Wednesday’s class was one of those classes that make you glad you’re an educator. Once again, I prove that my greatest strength as a teacher is my ability to outsource and maximize my network.
In the early stages of this course there’s no question that students feel overwhelmed. They are introduced to many new concepts and ideas that are pretty foreign to most. I wondered if a few of my students from previous sessions would want to share with my current students what, if anything, they learned and are using today. I have spent a fair bit of time with Kyle Lichtenwald so while his responses were excellent, they were not all that surprising since he and I are fairly connected. Darin Janssen and Nicole Little were students in my Winter 2008 class. Both showed quite a bit of growth in the class and were two that continued blogging. They shared some powerful lessons about many of the themes I’ve tried to focus on throughout the class:
- Learning is social and connected
- Learning is personal and self-directed
- Learning is shared and transparent
- Learning is rich in content and diversity
If there’s one thing I’ve learned about the work I do … Read the rest
Many of our schools are wanting to put interactive whiteboards in their classrooms. Currently the debate is which board is the best: SmartBoard or Promethean. I have no strong feelings about this but am usually the go-to-guy about all things technology. So I oblige and since I have limited experience here I go to my network. Here are the early returns:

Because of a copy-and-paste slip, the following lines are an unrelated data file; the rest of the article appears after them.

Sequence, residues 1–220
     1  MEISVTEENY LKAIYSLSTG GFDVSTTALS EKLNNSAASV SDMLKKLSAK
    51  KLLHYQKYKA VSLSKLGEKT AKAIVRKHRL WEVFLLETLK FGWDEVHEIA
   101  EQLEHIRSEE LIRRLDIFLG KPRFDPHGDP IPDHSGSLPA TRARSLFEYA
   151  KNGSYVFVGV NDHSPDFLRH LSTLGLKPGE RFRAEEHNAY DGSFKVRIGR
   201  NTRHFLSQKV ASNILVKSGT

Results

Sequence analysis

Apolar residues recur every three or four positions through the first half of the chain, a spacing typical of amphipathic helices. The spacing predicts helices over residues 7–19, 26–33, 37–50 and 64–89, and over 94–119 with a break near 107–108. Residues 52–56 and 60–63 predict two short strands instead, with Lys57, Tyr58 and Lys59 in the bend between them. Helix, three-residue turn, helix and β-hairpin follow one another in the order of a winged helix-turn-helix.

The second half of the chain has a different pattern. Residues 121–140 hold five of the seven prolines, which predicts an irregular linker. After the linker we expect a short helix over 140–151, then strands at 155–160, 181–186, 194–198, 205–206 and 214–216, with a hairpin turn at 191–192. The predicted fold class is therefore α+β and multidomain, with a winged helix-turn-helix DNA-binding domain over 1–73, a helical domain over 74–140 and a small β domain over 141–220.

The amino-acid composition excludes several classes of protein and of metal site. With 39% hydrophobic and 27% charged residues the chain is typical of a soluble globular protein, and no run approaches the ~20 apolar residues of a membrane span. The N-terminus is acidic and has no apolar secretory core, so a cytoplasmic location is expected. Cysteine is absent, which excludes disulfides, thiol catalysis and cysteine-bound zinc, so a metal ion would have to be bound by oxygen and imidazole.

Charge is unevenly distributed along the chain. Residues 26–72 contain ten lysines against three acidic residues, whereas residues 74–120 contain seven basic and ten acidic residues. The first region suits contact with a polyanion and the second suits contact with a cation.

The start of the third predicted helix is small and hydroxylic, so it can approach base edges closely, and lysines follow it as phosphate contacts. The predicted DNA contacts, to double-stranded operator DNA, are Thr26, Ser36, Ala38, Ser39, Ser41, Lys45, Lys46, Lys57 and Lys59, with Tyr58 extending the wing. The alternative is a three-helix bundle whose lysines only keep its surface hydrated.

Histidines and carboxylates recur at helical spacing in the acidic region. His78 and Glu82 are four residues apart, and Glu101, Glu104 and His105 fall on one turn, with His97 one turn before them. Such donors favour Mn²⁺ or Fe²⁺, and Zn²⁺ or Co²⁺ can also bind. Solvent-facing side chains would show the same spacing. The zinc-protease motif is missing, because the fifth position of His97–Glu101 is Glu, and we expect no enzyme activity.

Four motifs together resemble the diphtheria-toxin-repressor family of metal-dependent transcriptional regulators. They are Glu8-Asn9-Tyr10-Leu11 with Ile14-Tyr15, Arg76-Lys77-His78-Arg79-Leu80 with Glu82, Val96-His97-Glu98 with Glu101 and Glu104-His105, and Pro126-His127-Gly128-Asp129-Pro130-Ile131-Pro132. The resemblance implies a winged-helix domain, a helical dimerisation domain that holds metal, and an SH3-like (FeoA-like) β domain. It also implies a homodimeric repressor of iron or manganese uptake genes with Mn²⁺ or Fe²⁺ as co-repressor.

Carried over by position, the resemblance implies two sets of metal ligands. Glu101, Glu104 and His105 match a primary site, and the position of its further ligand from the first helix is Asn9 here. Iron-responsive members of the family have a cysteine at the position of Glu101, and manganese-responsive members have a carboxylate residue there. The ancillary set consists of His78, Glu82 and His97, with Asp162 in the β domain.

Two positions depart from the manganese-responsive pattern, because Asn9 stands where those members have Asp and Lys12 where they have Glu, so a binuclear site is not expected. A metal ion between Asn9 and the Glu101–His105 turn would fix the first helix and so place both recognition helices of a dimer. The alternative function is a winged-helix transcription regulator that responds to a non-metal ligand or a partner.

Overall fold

I’m now asking either those folks or others to chime in with some thought via comments and I thank you in advance.
So here’s the learning lesson. Instead of doing a search for Promethean vs. Smartboard, I go to my network. These are the people I trust (see echo chambers have value too) and who use them everyday. I’m not smart enough to make this decision or establish an opinion of my own that carries much weight. The fact is I likely don’t care to but I still need the information and value it. The idea of the human network continues to evolve for me in both esoteric and practical,visible ways. I have a tremendous advantage over other technology coordinators who might have the same questions but don’t have a network outside of their district to draw … Read the rest
The concept of using your network to filter content (I don’t mean content filtering I mean filtering content…never mind, just keep reading) is a burgeoning idea. The fact that I spend a huge amount of time online need not be beneficial only to me. Like the spies going into Egypt and reporting of the abundance, I can come back with reports of goodness of all that I see, read and hear. Here are 3 simple ways to filter content for your network:
- Use your the “Share Feature” in Google Reader. By simply clicking the Share button at the bottom of key posts, I filter out on average about 1 out of every 400 posts I read. If more people did this, you’d quickly create an easier entry point for newcomers.
- Delicious link Roll. While many have added their del.icio.us links on their blogs, I just added a “mustread” tag. I’ll likely add this tag to about 1 in 10 items I tag. The difference here is that I totally control all my bookmarks but with my Reader, I only control my feeds, not every post. While I subscribe to many folks bookmarks, I think adding a
… Read the rest